Jana: I say that to people, too. Actually, people come to me and go, ‘Lisa had, like, this amazing launch.’ I’m like, ‘She was Facebooking. She put in the legwork, girls. Like, she put in the legwork before she did that.’ Like, you’ve got to remember to look back at the past, and the past that I put in. I was blogging in 2011 and 2012 and 2013. That’s, like, three years that I did not think that I could monetize it. I was just doing it for fun. I was just doing it to actually share what I was going through, with juggling university and my business. And I actually went off on another tangent, and started an online wedding directory, because I didn’t think the blog I had was going to be-, I couldn’t monetize it. I didn’t even think of that. I’m like, ‘Yeah, right. Okay, you can totally make money on a blog? Yeah, okay, whatever.’ So I made an online wedding directory, went off on that tangent, and I’m doing 90% admin, I’m doing 400 invoices in hospital, having my third baby, and going, ‘Ah, this is not quite right. This is worse than a job.’ So, obviously, learnt from that, but that was all a part of it. You know, all of that brought me to where I was.
So I look back, and a lot of people do explain their journey as, like, so full of regret, or did that wrong, ‘I did that wrong,’ or, ‘Don’t do that.’ But I think it’s all due course. You’ve got to do the due course. But we’re here to just help with, ‘Hey, here’s where you get through the resistance. Here’s how you melt into it, the way it is, when you’re going through resistance,’ and coming in with those things. Because I feel like I’ve gotten to the point of this, ten years of doing this, of going after my big dreams and juggling a heap of kids, I feel like I’ve gotten to the point where I can significantly shorten people’s learning curve. Because I’ve got a culmination of all this stuff, and it’s shortening people’s learning curve, and that’s exactly what I was supposed to be here for. I was meant to be here to make other people feel capable of their big dreams, no matter their circumstances. So, I feel like this is actually what I was meant to do. But I can’t even remember the question that you had for me. Oh, authenticity!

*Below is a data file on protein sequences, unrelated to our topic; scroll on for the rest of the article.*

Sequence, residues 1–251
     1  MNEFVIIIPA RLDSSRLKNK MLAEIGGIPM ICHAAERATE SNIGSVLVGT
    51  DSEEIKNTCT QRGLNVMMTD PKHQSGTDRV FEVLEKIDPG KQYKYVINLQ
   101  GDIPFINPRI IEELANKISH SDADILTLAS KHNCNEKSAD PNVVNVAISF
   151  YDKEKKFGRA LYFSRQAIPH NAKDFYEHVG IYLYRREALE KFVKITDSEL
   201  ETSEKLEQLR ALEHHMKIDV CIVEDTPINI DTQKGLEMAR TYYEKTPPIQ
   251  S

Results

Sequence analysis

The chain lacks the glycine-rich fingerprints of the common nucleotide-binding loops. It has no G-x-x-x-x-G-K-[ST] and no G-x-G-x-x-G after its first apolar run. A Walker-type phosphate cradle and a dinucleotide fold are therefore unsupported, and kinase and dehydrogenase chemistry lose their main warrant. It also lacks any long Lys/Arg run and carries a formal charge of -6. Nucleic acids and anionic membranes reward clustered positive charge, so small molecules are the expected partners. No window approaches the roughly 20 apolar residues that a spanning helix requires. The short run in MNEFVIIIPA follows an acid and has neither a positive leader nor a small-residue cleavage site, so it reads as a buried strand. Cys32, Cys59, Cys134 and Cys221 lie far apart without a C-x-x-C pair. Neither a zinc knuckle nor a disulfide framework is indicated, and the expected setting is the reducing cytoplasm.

Lisa: Yes, it was about the legwork, and it was about, you know, that I’d keep on saying to my husband. He’s like, ‘Well, get off Facebook.’ ‘Oh no, I feel like something’s going to happen from this. I just feel like something’s going to happen. I’m just enjoying this so much.’ And I’m the same, I started it because I just thought, I just want to share what’s going on with my family, as we, kind of, try and ditch the packet foods. I brought no pretence, I brought no expectation of a business, I just started to share from an authentic place. Like, ‘I can’t be anything else but me.’ And when I let go of that idea that I had to be an expert before I could start sharing. You know, I just, sort of, did it, and started to refine my message.
And my background, a lot of it is also in behaviour change. I worked in sustainability for a while, and it was all about working out, ‘How do you take people from one step to the next, on a topic as big as climate change?’ You know, how do you get them to care? And then what do you tell them to do, once they do, once you’ve got their attention? And so a lot of my background is about behaviour change, which I brought, unknowingly and totally subconsciously, to this whole concept of taking small steps. Because I kept on looking at all these people who were trying to sell this message of huge, big, lifestyle changes, and, ‘You can be a new person in twelve weeks,’ and all that kind of stuff. And I kept thinking, I just actually don’t think that’s the best way to help people.